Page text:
Perception and Imagination

In S. Miguens, G. Preyer & C. Bravo Morando (eds.), Prereflective Consciousness: Sartre and Contemporary Philosophy of Mind. Routledge. pp. 245-276 (2015)
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According to a traditional view, there is no categorical difference between the phenomenology of perception and the phenomenology of imagination; the only difference is in degree (of intensity, resolution, etc.) and/or in accompanying beliefs. There is no categorical difference between what it is like to perceive a dog and what it is like to imagine a dog; the former is simply more vivid and/or is accompanied by the belief that a dog is really there. A sustained argument against this traditional view is prosecuted by Sartre, who develops an alternative according to which there is a categorical difference between the two phenomenologies. This paper draws on Sartre’s work in this area to develop a similar account of perception and imagination as categorically different.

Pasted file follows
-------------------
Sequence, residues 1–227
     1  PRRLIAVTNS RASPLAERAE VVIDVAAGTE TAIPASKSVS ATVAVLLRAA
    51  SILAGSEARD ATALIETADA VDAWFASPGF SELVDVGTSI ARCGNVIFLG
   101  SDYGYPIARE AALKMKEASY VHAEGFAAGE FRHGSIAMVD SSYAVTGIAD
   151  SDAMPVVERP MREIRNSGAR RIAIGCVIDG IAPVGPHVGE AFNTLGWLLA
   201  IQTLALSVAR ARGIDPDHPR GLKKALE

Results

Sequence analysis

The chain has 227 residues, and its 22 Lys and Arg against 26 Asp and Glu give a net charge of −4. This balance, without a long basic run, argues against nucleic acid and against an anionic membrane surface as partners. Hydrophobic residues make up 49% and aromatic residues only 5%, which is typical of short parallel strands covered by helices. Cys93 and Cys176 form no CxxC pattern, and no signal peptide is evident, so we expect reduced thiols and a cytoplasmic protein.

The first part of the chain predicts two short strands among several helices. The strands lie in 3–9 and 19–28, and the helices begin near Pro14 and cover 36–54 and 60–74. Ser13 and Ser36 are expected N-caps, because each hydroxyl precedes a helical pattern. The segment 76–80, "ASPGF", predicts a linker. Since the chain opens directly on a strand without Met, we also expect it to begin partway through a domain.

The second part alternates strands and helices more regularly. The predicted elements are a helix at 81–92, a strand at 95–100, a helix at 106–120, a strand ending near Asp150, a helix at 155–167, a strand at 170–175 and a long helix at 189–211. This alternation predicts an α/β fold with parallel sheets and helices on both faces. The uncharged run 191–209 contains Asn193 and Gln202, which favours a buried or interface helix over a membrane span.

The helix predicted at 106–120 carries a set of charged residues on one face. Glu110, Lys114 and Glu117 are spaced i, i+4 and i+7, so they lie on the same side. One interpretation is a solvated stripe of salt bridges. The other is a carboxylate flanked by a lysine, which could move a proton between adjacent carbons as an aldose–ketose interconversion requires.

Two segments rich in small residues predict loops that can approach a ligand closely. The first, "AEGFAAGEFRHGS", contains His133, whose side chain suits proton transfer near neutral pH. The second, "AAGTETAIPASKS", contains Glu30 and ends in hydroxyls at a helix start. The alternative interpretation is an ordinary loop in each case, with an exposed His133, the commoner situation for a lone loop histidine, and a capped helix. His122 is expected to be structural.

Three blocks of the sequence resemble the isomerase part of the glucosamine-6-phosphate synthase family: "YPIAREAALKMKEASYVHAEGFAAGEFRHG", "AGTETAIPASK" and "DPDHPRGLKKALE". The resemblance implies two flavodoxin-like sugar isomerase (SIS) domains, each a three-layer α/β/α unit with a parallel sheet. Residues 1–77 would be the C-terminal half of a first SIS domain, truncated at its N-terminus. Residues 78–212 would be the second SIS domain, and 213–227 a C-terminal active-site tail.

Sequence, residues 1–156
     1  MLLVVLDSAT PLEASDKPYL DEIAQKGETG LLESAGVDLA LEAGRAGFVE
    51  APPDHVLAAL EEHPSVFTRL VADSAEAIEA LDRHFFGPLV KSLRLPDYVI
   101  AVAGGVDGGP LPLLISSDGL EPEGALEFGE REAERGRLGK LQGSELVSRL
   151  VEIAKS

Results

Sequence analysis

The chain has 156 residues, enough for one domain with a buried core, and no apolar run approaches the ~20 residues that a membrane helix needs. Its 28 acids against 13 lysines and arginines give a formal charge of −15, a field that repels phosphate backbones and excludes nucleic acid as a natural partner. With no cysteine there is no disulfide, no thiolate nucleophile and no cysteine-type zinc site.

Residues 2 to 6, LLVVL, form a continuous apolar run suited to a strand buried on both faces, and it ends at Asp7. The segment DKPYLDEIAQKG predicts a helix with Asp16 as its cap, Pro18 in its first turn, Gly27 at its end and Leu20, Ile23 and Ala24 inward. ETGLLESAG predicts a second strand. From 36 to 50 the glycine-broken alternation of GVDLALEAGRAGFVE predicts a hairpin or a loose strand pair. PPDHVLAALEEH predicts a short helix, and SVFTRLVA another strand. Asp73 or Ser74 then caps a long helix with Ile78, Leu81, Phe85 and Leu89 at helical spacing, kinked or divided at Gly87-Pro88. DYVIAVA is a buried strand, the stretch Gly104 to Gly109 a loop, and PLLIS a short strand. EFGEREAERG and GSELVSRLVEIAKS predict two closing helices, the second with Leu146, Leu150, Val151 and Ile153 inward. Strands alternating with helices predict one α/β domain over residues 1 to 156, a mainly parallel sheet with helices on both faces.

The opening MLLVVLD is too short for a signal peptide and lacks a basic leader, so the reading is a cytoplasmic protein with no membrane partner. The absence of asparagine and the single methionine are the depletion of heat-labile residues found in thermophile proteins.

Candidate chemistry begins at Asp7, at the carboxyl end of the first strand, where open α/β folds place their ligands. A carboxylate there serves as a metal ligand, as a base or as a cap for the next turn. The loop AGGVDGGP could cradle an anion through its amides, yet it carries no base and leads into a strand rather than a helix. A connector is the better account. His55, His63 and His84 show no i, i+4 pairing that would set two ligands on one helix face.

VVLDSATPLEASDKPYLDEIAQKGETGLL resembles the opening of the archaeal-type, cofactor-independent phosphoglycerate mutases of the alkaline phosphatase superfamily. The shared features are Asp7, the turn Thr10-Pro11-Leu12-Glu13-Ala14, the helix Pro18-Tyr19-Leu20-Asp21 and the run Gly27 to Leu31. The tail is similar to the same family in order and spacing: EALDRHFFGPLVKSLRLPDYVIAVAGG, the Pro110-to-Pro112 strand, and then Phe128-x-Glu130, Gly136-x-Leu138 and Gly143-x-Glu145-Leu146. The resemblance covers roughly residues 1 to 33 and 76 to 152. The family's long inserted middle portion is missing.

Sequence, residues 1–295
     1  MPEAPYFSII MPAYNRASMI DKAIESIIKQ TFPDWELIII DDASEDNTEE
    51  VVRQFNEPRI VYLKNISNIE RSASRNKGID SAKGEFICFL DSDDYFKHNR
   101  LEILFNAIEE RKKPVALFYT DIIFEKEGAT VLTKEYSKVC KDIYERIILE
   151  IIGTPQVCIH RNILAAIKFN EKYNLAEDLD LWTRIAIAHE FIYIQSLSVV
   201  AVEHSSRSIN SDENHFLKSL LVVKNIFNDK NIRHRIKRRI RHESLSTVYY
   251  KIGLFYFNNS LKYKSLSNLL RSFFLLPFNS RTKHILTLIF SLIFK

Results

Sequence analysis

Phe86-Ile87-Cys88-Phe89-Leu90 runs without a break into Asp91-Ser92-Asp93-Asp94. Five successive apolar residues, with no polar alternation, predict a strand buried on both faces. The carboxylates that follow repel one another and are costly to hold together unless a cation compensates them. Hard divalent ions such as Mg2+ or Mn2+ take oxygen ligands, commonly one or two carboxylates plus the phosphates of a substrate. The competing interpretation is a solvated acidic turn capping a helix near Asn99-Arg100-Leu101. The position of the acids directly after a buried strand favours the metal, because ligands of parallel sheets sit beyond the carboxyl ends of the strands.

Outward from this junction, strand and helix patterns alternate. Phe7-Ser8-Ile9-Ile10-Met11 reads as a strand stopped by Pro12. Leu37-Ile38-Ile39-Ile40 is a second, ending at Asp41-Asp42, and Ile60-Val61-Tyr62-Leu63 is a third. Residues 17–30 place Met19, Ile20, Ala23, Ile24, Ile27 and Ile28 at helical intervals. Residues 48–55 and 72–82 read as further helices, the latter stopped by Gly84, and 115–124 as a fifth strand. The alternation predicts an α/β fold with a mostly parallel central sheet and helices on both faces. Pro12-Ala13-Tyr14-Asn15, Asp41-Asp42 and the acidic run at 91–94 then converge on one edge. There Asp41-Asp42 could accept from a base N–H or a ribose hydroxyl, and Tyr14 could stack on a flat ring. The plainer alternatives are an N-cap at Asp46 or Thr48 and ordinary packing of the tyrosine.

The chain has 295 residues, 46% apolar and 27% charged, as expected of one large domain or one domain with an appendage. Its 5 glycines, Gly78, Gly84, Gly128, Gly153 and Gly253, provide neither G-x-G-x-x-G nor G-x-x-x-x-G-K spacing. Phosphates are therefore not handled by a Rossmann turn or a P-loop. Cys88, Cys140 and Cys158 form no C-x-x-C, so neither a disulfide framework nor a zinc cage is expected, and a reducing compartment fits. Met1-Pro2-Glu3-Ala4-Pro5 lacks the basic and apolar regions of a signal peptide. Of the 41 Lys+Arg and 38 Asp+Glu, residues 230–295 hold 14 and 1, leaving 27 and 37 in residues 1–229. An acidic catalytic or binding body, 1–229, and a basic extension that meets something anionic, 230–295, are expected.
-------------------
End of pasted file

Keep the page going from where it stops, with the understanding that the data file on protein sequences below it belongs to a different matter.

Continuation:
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The Perception/Cognition Divide: One More Time, with Feeling.Uriah Kriegel - forthcoming - In Christoph Limbeck-Lilienau & Friedrich Stadler (eds.), The Philosophy of Perception and Observation. Berlin and Boston: De Gruyter.
The Phenomenology of Memory.Fabrice Teroni - 2017 - In Sven Bernecker & Kourken Michaelian (eds.), Oxford Handbook of Philosophy of Memory. New York, USA: Oxford University Press. pp. 21-33.

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